Featuring David Boaz, Executive Vice President, Cato Institute; and Matt Welch, Editor in Chief, Reason; vs. Ramesh Ponnuru, Columnist and Senior Editor, National Review; and Conor Friedersdorf, Staff Writer, The Atlantic; moderated by David Kirby, Vice President and Senior Fellow, Cato Institute.
Every imaginable product and service has a price, and yet there is something different about pricing prescription medicines. In the new issue of Regulation, Charles L. Hooper and David R. Henderson say that to “fix” drug pricing, we need more competition, more cost sharing, and the liberalization of some regulations. Also in this issue, Larry Downes describes how rent-seeking and public choice have put a telecom deregulation success story at risk, and Jason Scott Johnston looks at the social cost of carbon – how is it derived and how is it used to justify America’s climate policy?
Published in the wake of the Supreme Court’s landmark decision in Kelo v. New London, Cornerstone of Liberty: Property Rights in 21st Century America made a powerful contribution to the firestorm of interest in protecting property rights. Now in its second edition, Cornerstone of Liberty has been fully updated by authors Timothy and Christina Sandefur, and examines how dozens of new developments in courtrooms and legislatures across the country have shifted the landscape of private property rights since 2005.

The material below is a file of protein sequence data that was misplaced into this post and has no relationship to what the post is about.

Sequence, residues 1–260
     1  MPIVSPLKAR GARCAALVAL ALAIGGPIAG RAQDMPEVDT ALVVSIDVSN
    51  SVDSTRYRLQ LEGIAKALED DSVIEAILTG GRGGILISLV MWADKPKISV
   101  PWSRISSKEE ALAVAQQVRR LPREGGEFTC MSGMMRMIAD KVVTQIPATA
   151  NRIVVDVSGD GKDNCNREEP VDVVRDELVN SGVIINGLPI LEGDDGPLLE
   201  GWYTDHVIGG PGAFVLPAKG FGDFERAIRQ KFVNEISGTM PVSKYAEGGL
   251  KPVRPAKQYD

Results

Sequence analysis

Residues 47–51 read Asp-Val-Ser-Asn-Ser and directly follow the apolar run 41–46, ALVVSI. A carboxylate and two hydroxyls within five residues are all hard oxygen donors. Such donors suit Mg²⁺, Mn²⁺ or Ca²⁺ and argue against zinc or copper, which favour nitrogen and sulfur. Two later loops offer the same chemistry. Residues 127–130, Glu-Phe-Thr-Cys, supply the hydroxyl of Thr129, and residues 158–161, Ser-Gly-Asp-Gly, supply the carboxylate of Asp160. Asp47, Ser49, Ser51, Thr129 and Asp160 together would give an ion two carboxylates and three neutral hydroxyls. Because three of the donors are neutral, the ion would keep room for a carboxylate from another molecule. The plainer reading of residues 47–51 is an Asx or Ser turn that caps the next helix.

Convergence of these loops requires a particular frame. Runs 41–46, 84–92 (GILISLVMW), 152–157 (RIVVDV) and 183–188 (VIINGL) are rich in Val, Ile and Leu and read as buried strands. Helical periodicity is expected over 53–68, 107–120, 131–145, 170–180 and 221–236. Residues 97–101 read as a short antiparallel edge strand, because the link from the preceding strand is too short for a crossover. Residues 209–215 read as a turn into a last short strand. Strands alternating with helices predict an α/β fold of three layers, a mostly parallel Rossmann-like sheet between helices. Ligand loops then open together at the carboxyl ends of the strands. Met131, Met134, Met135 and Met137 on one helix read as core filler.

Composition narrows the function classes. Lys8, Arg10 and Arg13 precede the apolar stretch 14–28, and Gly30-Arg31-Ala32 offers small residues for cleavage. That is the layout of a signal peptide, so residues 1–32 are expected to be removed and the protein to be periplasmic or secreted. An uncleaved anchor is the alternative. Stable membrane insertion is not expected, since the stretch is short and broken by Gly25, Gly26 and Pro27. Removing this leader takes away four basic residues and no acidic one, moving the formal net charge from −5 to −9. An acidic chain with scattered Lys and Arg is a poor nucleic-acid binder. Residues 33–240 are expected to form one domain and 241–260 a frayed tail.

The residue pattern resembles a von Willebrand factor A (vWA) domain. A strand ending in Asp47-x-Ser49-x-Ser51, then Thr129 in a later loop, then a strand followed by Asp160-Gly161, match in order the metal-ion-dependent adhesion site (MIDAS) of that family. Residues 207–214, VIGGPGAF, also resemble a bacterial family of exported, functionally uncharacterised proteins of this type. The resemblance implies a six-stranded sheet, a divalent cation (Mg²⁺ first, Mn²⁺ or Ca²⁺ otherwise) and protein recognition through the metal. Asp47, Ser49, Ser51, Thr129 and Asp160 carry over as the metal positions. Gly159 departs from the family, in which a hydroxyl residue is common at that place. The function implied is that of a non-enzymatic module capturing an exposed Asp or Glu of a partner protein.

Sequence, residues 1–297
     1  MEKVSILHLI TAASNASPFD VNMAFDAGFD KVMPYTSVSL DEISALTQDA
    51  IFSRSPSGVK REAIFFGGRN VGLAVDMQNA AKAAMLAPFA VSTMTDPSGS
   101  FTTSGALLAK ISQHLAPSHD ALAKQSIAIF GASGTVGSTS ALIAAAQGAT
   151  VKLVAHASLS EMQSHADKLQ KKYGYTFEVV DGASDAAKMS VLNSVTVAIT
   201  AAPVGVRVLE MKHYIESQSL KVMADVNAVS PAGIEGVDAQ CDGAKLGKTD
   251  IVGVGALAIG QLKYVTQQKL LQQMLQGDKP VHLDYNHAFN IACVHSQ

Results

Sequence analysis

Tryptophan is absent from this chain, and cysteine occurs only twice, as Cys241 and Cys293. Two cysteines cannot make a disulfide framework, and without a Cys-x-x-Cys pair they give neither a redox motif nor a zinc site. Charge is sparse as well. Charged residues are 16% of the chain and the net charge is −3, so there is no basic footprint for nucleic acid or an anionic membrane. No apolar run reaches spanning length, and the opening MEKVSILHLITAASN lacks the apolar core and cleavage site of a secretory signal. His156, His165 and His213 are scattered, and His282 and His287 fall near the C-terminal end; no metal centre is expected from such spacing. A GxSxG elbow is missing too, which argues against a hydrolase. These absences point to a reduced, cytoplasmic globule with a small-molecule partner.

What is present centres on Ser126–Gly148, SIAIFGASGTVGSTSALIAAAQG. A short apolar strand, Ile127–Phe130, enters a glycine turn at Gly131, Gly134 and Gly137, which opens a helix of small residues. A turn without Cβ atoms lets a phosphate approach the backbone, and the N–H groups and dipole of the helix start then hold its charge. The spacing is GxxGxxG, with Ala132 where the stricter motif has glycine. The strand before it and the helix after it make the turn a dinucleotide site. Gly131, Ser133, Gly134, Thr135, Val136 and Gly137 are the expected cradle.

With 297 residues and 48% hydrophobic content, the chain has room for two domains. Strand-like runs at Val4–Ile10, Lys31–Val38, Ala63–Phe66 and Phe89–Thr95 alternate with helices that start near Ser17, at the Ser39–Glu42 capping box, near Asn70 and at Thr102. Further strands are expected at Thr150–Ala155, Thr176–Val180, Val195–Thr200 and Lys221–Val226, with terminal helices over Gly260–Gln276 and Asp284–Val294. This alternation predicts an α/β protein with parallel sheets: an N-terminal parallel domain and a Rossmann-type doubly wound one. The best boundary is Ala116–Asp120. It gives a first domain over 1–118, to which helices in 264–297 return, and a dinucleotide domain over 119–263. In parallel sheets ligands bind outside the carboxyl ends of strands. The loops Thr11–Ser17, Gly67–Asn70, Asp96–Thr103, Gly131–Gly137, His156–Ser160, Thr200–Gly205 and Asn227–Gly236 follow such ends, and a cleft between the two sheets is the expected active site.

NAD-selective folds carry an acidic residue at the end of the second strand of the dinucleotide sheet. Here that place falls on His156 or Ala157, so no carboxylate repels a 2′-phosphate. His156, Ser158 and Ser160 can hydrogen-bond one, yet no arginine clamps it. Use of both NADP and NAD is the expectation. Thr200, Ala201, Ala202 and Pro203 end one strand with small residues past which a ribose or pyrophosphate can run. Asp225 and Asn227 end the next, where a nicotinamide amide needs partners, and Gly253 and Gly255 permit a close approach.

The Cato Institute has released its 2014 Annual Report, which documents a dynamic year of growth and productivity. “Libertarianism is the philosophy of freedom,” Cato’s David Boaz writes in his book, The Libertarian Mind. “It is the indispensable framework for the future.” And as the new report demonstrates, the Cato Institute, thanks largely to the generosity of our Sponsors, is leading the charge to apply this framework across the policy spectrum.
Featuring the author Jason Brennan, Assistant Professor of Ethics, Economics, and Public Policy, Georgetown University; with comments by Aaron Ross Powell, Research Fellow, Cato Institute and Editor, Libertarianism.org; and Tom Merrill, Assistant Professor of Government, American University; moderated by John Samples, Director, Center for Representative Government, Cato Institute.
Historically, Americans have seen libertarians as far outside the mainstream, but as Jason Brennan points out, libertarianism is a quite different — and far richer — system of thought than most suspect. Brennan offers a nuanced portrait of libertarianism, proceeding through a series of questions to illuminate the essential elements of libertarianism and the problems the philosophy addresses, including such topics as the value of liberty, human nature and ethics, economic liberty, civil rights, social justice and the poor, government and democracy, and contemporary politics. As he sheds light on libertarian beliefs, Brennan overturns numerous misconceptions. Libertarianism is not about simple-minded paranoia about government, he writes. Rather, it celebrates the ideal of peaceful cooperation among free and equal people. Brennan argues that libertarians are, in fact, animated by benevolence and a deep concern for the poor.